An older version of the smallpox vaccine carries a risk of heart muscle or heart lining inflammation, especially when given at the same time as mRNA vaccines such as those used for COVID-19. It is not known if the vaccine being used during this rollout (JYNNEOS) also carries these risks.

For people at risk of these conditions, such as young adult males, NSW Health recommends spacing their JYNNEOS and mRNA COVID-19 booster/vaccine apart by several weeks. Talk to your doctor for further information.

Is there a vaccination program against MPXV in NSW?

Yes. A targeted vaccination program against MPXV focussing on high-risk groups is being implemented in NSW. The vaccine rollout is being led by NSW Health.

How are the JYNNEOS vaccines being distributed?

There is significant global demand for this vaccine. NSW has received a limited supply from the Commonwealth Government. Because of this initially limited supply, vaccines will be offered in a phased approach with priority given to those most at risk.

Who is eligible for the JYNNEOS vaccine?

Priority groups for the initial phase of the vaccine rollout include gay, bisexual and other men who have sex with men (MSM); those who would be particularly vulnerable should MPXV become locally endemic, such as MSM who are homeless; sex workers; and high-risk people planning to travel overseas with known MPXV outbreaks.

Those determined to be at high risk will then receive a clinical assessment to determine their eligibility for the vaccine at this point in time.

Do I need a Medicare card to receive the vaccine?

No. While some vaccination sites may ask you to bring a Medicare card along to your appointment, MPXV vaccines are available at no charge to everyone regardless of their Medicare status.

How do I register my interest to receive the vaccine?

People seeking to be vaccinated are asked to register their interest online via NSW Health. Please note: completing the form does not guarantee vaccine access.

We ask that other people who believe they are at risk to be patient so those most at risk are protected first. Further vaccine will be available later in the year.

When and how will I hear about my MPXV vaccine registration?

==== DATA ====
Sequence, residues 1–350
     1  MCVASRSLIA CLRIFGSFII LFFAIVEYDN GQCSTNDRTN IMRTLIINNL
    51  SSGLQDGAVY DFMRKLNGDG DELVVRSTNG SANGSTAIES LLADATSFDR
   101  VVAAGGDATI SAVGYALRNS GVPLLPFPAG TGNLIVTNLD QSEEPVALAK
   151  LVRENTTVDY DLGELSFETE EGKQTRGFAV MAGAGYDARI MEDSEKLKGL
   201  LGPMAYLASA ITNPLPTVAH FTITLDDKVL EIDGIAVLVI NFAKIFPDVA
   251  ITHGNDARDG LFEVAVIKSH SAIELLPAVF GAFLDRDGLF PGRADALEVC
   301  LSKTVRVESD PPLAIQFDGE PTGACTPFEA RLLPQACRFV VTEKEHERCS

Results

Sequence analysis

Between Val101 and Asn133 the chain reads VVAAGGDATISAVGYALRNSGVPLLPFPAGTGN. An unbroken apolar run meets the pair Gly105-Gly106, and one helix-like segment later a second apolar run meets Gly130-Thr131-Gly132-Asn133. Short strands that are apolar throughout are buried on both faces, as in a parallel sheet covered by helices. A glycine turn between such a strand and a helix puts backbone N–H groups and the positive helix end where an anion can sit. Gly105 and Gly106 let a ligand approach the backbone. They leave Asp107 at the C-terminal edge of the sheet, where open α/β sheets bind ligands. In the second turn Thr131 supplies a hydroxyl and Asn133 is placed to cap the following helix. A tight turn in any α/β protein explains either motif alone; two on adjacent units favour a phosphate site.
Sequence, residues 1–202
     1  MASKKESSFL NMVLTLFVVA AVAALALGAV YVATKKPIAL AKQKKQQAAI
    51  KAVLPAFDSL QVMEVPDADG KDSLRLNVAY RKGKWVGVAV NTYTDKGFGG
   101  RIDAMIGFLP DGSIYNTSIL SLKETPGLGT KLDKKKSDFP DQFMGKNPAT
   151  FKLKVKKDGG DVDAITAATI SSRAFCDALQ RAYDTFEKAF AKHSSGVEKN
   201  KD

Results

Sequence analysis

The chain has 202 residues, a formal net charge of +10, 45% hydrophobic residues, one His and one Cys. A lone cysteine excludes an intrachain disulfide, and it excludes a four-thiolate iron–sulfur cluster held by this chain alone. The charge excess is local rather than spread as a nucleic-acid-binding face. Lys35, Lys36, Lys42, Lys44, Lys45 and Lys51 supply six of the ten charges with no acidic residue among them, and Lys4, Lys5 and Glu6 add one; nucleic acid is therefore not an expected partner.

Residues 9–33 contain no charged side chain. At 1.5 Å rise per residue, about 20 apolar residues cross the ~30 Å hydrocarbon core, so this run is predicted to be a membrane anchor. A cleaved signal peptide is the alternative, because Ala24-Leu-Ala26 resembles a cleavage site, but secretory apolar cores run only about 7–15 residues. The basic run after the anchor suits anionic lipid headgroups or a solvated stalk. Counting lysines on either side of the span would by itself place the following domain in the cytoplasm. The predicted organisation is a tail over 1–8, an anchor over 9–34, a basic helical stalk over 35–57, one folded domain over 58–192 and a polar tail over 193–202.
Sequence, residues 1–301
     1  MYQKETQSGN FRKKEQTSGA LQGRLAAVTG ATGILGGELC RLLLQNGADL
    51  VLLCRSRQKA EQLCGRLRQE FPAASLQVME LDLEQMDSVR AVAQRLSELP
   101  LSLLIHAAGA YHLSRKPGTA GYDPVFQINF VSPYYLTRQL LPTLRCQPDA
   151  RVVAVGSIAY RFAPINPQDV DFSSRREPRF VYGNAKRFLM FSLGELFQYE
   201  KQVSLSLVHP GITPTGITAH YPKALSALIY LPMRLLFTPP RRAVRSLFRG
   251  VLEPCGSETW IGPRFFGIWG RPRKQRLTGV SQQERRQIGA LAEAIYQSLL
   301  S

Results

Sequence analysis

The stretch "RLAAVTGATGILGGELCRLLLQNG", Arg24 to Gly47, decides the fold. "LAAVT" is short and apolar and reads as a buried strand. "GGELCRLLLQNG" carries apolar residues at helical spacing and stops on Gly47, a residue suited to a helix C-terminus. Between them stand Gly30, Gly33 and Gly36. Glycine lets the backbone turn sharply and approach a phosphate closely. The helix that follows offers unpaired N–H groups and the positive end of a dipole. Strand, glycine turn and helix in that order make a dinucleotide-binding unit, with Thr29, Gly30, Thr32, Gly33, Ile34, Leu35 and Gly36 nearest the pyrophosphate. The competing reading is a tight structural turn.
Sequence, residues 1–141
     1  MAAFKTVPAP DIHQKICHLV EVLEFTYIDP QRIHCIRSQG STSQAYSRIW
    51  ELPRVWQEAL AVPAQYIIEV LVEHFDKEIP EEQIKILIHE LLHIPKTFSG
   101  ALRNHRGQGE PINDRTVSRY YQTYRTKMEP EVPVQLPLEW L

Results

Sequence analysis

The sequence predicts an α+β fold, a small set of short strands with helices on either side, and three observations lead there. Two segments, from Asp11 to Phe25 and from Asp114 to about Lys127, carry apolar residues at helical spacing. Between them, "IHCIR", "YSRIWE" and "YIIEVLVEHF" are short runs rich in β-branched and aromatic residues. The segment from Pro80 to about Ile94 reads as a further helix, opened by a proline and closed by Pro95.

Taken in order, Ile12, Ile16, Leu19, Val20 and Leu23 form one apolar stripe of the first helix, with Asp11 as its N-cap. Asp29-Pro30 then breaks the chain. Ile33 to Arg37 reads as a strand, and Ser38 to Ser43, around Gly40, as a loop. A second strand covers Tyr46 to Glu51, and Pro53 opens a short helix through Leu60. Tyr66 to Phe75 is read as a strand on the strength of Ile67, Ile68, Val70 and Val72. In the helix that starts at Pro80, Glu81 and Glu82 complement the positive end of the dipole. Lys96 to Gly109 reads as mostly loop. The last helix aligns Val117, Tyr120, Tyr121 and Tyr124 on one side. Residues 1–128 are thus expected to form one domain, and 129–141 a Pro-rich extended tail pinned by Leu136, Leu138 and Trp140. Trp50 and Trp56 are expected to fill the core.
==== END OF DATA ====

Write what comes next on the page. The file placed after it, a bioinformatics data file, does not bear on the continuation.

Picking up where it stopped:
People who have registered their interest and meet the eligibility criteria for the first stage of the vaccine rollout will receive an SMS from NSW Health over the next few days. The SMS will contain a unique code so that they can book an appointment online.

Those who have registered for the vaccine but are not eligible for the first stage will be contacted by NSW Health in the lead up to the next stage of the rollout that will begin in September 2022, if they are eligible.

I am planning to travel overseas. Should I get the JYNNEOS vaccine?

People who are deemed at high risk of MPXV infection – such as gay, bisexual and other men who have sex with men that have a history of multiple sexual partners – who are planning to travel to a country with a significant MPXV outbreak should get vaccinated.

But be sure you plan early and to take into account the limited supply. You will need at least four weeks between your two doses, and another two weeks after your second dose to get full protection from the vaccines.

I think I may have been exposed to MPXV. Am I eligible for the JYNNEOS vaccine?

Anyone categorised by public health authorities as a high risk MPXV contact in the past 14 days should get the vaccine. Speak to your GP or healthcare professional about vaccine access if you are a close contact.

I think I may have symptoms of MPXV. Am I eligible for the JYNNEOS vaccine?

If you have symptoms of MPXV it is important to speak to a healthcare provider first before accessing a vaccine appointment. Contact your regular healthcare provider and let them know before attending that you might be experiencing symptoms.  For support on how to best navigate healthcare settings if you think you have symptoms, call the NSW Sexual Health Infolink on 1800 451 624.

Are more supplies of the JYNNEOS vaccine on their way?

Yes. The federal and state governments are working to secure more supplies of the vaccine. As more vaccines become available, more people can get vaccinated against MPXV.